Network is a great film, but one that’s so far ahead of its time that it almost feels like it’s wasting some of its potential. This pitch black satire mercilessly slams such treasured American institutions as the press, capitalism, fame, and celebrity. The story follows television news anchor Howard Beale (Peter Finch), who, after being informed of his imminent firing, proclaims that he is going to take his own life on the air. When the public at large’s reaction is not one of horror but of morbid fascination, the network decides to exploit the rapidly unraveling anchor’s mad ravings for its own profit. From there it’s an escalating competition of shamelessness and journalistic amorality with hilarious and chilling results.
So why would anyone want to remake that? Because in more ways than one, Network feels like it’s a 21st Century movie trapped in the workings of the seventies. Its satirical jabs feel like an exaggeration of the trends American journalism was undergoing at the time, but they are remarkably prophetic of what we would see in the age of viral news distribution, social media, and round-the-clock conspicuous consumption. Imagine Network unleashed into that landscape, a version of the story that is confronting the traditional models of journalism and television reporting not with generic viewer apathy but with the crushing sense that they are being rapidly left behind by the evolution of their medium. Where all the scandal and outrageousness of the main character’s breakdown is treated like a last ditch effort to beat viral Twittering at its own game. The original film already did fascinating things, but it’s fun to wonder how far the story model could go in an environment that feels infinitely more unstable and chaotic than the one that spawned it.
The Dream Team Remake: This seems like a job for a filmmaking team that can balance Network’s coldly cynical tone with the speed and unrelenting pace of modern day telecommunications. David Fincher has already proven himself to be a master in both of those realms. Let’s combine his powers with the screenwriting aptitudes of British satirist Charlie Brooker, whose own savage media satire series Black Mirror feels like a solid start for what a 21st Century Network could look like. Anchor the entire thing with, say, Bill Murray in the role of the rapidly crumbling beloved public figure and just step back and watch the magic happen.
Independence Day (1996, Roland Emmerich)
Oh don’t give me that look. Independence Day has some great ideas. The concept of contemporary society going into open war with an invading alien force is actually not as common as you might think. (Or at least not in what might be called “competent movies.”) The idea of organizing the film around a small number of central characters who can act as audience guides rather than around hundreds of anonymous troops is a good thought. Even the bombastic approach of destroying major American icons and landmarks to kick off the war is a great way to grab your viewers’ attention.
So what’s wrong? Pretty much everything after that. Independence Day is one of the most terribly executed films of the nineties, playing out like a collection of bad ideas and shoddy screenwriting choices. It’s actually a bit hard to determine what is the worst offender in the film. Is it the stereotypically caricatured stock characters? (Looking at you, Harvey Fierstein.) Or the childish tone that a lot of the action set pieces take? (Why yes, when aliens are invading on a global scale what we really want to focus on is a single dog’s well being.) The cheesy speechifying? The shoddy character development? The brittleness of its so-called emotional scenes? The lackluster staging of its aerial battles? It’s so hard to pick just one…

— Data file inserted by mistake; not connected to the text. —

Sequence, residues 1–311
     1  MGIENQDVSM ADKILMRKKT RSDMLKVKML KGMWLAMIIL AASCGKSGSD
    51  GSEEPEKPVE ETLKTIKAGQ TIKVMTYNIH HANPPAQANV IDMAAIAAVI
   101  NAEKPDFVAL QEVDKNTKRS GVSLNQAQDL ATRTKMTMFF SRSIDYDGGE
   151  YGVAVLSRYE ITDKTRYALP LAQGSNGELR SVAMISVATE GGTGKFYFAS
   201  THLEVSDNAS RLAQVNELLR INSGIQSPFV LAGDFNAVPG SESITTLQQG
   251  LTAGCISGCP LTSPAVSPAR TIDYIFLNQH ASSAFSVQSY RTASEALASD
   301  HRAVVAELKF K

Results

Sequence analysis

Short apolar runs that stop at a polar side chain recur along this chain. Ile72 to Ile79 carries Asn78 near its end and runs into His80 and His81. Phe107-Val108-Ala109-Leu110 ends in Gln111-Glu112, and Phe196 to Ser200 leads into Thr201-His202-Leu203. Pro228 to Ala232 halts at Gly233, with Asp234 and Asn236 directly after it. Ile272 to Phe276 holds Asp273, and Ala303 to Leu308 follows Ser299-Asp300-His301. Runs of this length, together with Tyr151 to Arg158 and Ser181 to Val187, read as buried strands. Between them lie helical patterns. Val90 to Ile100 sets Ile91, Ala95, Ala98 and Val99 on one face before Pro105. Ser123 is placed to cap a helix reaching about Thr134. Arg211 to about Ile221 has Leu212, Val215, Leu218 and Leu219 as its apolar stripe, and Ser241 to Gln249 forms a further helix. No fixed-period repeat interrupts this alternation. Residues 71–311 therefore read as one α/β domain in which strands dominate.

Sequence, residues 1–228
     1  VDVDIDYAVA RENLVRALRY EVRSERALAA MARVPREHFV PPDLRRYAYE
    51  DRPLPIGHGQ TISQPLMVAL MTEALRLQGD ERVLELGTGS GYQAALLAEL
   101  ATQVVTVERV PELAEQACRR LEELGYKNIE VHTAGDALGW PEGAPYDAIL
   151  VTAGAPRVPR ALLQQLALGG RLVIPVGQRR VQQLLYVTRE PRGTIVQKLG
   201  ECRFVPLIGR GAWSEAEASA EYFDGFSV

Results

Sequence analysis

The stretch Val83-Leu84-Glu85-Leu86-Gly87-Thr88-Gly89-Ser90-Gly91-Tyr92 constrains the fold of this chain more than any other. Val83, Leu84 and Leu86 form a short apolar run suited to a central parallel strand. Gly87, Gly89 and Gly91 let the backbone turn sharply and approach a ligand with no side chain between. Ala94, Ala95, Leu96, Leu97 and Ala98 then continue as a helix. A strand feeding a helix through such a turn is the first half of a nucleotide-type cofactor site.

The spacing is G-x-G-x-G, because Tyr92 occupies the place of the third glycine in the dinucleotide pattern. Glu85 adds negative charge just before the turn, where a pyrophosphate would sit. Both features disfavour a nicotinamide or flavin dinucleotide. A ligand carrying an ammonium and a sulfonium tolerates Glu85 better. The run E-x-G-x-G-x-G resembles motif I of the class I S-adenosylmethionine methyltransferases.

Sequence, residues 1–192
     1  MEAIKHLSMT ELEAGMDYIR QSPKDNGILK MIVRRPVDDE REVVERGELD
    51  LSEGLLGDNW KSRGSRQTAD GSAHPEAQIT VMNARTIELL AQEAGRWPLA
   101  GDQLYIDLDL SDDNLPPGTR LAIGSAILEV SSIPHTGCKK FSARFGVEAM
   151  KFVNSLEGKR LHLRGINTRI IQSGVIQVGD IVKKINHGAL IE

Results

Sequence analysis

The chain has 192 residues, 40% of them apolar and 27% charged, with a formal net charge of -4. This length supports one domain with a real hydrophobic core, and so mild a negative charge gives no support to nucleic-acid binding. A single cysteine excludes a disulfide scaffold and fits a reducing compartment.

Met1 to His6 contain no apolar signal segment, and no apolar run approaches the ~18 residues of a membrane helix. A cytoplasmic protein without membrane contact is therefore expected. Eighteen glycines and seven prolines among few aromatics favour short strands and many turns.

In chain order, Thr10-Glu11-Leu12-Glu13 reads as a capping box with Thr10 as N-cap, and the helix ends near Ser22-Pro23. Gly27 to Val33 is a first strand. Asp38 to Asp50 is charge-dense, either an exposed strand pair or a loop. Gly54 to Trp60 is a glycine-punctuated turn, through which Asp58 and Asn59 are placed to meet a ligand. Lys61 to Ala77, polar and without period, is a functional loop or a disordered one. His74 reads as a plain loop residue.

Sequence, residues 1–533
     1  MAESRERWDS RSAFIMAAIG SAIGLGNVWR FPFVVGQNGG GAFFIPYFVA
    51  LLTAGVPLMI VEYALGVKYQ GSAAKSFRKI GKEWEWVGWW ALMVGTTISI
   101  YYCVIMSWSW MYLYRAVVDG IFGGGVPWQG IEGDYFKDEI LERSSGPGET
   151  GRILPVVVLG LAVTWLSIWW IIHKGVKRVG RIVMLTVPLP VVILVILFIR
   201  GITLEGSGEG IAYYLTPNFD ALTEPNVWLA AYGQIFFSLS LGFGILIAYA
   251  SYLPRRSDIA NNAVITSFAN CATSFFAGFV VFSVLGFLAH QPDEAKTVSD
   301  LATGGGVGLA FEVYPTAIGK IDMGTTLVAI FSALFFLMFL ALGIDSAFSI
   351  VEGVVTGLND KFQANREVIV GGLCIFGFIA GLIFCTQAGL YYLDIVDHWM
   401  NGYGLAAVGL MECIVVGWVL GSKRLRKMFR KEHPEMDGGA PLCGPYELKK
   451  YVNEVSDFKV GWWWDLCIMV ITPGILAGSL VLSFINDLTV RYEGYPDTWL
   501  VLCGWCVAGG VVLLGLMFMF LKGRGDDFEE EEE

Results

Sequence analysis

The Dream Team Remake: Ronald D. Moore spent five years combining grand scale sci-fi warfare with engrossing personal drama on Battlestar Galactica, so let’s start by handing off scripting duties to him. Then, let’s put District 9’s Neill Blomkamp in the driver’s seat, and see what he can do with those aerial battles. Finally, let’s fill in the Will Smith, Jeff Goldblum, and Bill Pullman roles with… how about John Boyega, Eddie Redmayne, and Julianne Moore? Then we might get an Independence Day that’s emotionally engaging and fun rather than one consigned to a few bursts of visual flair amidst a sea of annoyance.
What Women Want (2000, Nancy Meyers)
What Women Want is such a brilliant sitcom idea that it’s frankly flabbergasting that nothing can be said about the finished film beyond, “Ehh… it’s all right.” An up-and-coming ad executive who thinks he’s God’s gift to women (Mel Gibson) suddenly gains the magical ability to hear the thoughts of every woman around him. Hilarity ensues. Or at least it should. Instead, What Women Want is an oddly meandering ride, full of stops and starts between its oddly disjointed sections. The basic concept is so good that the jokes write themselves (and indeed there are some good laughs to be had) but the road is riddled with unfunny subplots and focus-pulling scenes. The central conceit of the film deserves a more focused script and a more fearless approach to its battle-of-the-sexes tension.